Different kinds of virtual training exist like technology, cultural, and group training.
Training doesn’t have to come through a class either. It can be through videos, books, and assessments. Get creative!
4. Choose video calls above chat
It’s easy to send a quick message whenever you need to discuss something with a staff member. But short messages often lead to misunderstandings. There are several communication tools, and video is best.
Video allows for more extended, in-depth conversations. Plus, it’s more personal.
5. Try remote management tools
Remote management means you need a system for excellent communication and task management. Companies everywhere are marketing new software such as:
These software companies help remote teams stay connected, finish tasks and projects on time, and set goals. You can utilize these tools too!
6. Hire the right people
Not everyone is suitable for remote work. Some people work much better in a traditional office. Post your job listing on websites dedicated to remote work to find the right people. Sites like WeWorkRemotely and FlexJobs are great places to start.
You can also post the listing on your company’s website and social media.
When it’s time for the hiring process, go through multiple stages of interviews. Ensure that the candidate’s personality is compatible with the rest of your workers.
7. Nurture the company culture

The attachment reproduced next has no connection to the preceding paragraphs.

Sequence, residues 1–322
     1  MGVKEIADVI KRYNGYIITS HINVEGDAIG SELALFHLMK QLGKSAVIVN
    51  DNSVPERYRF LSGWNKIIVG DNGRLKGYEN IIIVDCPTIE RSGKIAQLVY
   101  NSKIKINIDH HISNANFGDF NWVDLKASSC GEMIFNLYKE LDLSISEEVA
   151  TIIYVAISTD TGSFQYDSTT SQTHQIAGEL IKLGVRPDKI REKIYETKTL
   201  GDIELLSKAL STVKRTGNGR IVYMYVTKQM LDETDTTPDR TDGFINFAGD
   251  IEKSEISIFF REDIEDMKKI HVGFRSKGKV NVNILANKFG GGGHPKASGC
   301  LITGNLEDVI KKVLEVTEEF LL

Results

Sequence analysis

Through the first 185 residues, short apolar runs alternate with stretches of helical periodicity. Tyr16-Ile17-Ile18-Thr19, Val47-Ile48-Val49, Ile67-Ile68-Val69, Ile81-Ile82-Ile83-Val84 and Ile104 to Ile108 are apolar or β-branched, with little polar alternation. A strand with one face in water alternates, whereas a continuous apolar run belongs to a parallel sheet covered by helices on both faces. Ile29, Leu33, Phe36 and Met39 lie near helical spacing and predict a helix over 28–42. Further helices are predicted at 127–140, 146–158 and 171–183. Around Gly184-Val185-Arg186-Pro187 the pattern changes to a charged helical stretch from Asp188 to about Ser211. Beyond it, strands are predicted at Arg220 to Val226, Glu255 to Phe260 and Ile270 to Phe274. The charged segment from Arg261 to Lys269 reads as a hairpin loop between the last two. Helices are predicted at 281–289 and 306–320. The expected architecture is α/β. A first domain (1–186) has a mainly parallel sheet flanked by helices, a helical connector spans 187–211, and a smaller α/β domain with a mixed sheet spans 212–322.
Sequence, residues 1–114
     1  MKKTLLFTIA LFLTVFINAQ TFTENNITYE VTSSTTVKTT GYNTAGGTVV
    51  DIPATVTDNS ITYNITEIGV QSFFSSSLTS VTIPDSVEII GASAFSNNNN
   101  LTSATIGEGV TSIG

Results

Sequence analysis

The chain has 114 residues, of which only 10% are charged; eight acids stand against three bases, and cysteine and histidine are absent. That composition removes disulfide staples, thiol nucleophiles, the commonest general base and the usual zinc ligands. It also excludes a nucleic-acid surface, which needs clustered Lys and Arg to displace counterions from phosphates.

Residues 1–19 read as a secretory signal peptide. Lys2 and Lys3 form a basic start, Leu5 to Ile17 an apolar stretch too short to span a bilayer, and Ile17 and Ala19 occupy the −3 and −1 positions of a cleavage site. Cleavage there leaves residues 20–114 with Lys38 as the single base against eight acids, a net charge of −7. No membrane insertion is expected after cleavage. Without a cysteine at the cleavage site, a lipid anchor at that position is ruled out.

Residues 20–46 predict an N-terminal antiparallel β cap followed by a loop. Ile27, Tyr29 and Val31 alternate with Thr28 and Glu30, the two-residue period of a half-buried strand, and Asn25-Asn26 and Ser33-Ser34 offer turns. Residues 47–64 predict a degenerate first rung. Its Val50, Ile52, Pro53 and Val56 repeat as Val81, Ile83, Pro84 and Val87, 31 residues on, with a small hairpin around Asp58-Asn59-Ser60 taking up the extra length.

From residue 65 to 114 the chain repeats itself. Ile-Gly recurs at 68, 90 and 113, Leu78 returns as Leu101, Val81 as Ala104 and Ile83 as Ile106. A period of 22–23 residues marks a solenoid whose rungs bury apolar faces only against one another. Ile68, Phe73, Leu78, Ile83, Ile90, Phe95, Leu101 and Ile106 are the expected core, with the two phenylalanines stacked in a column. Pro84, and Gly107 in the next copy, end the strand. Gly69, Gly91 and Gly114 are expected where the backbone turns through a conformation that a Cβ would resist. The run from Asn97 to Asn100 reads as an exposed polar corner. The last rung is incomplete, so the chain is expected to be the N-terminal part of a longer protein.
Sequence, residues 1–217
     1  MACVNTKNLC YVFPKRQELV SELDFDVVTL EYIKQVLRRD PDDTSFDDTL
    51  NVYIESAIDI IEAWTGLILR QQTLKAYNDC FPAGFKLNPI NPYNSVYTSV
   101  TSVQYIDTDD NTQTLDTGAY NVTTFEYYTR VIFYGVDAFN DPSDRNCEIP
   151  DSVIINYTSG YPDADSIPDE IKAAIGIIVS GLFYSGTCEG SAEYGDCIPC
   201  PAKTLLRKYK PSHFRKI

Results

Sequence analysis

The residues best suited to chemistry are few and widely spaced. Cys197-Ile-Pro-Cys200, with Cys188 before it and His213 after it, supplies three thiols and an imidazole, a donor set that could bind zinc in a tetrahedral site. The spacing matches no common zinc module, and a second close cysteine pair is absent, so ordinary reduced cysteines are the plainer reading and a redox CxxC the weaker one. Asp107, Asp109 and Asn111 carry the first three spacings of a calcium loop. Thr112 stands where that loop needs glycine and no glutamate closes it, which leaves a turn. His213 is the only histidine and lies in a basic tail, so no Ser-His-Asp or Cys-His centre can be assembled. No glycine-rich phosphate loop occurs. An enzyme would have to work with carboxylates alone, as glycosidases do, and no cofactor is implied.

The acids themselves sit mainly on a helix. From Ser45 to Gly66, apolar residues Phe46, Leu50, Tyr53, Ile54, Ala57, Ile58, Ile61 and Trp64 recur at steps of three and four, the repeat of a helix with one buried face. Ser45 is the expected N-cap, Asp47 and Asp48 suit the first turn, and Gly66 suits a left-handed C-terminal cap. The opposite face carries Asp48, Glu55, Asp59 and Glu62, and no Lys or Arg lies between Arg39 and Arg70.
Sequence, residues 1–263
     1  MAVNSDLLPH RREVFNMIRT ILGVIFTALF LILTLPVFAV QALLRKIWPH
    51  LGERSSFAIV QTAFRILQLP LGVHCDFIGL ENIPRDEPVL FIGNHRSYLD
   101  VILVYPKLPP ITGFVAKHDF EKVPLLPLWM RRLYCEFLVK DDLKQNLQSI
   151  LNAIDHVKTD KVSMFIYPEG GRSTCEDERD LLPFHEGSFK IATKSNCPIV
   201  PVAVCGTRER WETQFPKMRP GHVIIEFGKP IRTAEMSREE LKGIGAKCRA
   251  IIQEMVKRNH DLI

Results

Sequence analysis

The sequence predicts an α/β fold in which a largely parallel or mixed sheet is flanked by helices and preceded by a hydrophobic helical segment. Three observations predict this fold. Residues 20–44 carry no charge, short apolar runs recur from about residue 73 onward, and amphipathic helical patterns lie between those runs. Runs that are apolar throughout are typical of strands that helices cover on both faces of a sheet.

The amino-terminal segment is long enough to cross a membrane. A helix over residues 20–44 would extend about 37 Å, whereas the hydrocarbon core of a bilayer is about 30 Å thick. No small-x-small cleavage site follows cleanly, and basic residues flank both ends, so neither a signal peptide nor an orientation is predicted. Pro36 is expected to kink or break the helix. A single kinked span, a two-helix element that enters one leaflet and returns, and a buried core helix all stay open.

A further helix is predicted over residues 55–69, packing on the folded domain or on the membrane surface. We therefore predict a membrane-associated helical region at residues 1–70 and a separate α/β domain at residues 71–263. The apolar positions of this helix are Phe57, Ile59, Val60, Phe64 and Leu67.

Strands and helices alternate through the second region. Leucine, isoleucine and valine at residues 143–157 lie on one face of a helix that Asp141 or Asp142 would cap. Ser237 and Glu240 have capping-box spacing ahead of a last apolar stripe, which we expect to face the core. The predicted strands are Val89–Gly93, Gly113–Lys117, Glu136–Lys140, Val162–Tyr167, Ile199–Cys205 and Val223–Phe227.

Company culture isn’t unique to traditional offices. Foster an environment that is safe, fun, and hard-working. To do so, build relationships around the reason you and your teamwork for the company in the first place.
Think about what you want your employees to say about the company when asked, “What’s it like?” Build your team around that vision.
8. Talk to other virtual team leaders
Ask for help from other virtual team leaders. What are they doing successfully? What could you do differently?
You can’t lead an entire team by yourself without asking for help. Connect with other virtual managers and build relationships.
9. Have a weekly report
Ask your team every week how their week went. What were their wins and challenges? When employees answer this question honestly, they include parts of their personal lives that affected their workweek.
This is an excellent opportunity to get to know your employees personally and help them with their professional life as well.
10. Build relationships with your team
As a remote worker, it’s easy to forget that you work with real people. Engage in conversations with your team that are not work-related. Get to know your team. Have fun!
Getting to know your team will help them realize that there’s someone else on the other side of their screen that cares about them—you. Likewise, you’ll remember that you’re not herding a bunch of ones and zeros.
The best thing you can do as a virtual leader? Break down the barrier of remote work. Make connections with your staff.
Your team will work hard and diligently and leave you proud to be a virtual leader.